The Cell's Design: How Chemistry Reveals the Creator's Artistry
by Fazale Rana
Baker Books, 2008
336 pp., $16.99
The culture war between evolutionary science and creationism continues unabated in a new book by Fazale Rana, one of the scholars associated with the day-age creationist ministry Reasons to Believe. Rana coauthored Origins of Life with Reasons founder Hugh Ross; The Cell's Design is the sequel.
In its content, however, The Cell's Design really follows Michael Behe's now-classic Darwin's Black Box, which highlighted extremely complex biological structures, such as bacterial flagellum, that Behe argued could not have come into existence by the stepwise mechanisms required in Darwinian evolution. Rana builds on this foundation, marshalling a potpourri of additional highly complex structures and systems from biochemistry to illustrate what he assumes to be obvious: that these structures are designed.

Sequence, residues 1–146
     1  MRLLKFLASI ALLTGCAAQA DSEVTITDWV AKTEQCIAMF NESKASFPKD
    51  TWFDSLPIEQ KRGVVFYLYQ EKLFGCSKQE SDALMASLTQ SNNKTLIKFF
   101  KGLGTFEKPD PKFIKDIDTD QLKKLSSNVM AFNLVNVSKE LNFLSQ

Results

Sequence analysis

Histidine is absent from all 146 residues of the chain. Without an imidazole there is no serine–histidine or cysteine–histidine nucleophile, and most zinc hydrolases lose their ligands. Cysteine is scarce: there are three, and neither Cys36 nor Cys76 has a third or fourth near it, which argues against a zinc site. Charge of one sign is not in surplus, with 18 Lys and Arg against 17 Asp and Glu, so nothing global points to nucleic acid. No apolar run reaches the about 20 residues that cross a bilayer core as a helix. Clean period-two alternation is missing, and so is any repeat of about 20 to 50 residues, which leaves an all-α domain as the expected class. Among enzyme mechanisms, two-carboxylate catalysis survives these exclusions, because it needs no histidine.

The Cell's Design stands in a long tradition, going back to 17th-century naturalist John Ray and, most notably, 18th-century English philosopher William Paley. Paley, in Natural Theology, famously used the analogy of a pocket watch to represent something that must be designed, engineered, and put together by a maker rather than through a natural process. Rana argues that the machinery of cellular biology is, like a pocket watch, constructed according to the plan of a designer (who, in a departure from most Intelligent Design scientists, he explicitly names as the God of the Old and New Testaments).
In his 2005 book Dawkins' God: Genes, Memes, and the Meaning of Life, Christian theologian and writer Alister McGrath reminded us that Paley's ideas did not sit well with some of his contemporaries, including theologian John ...1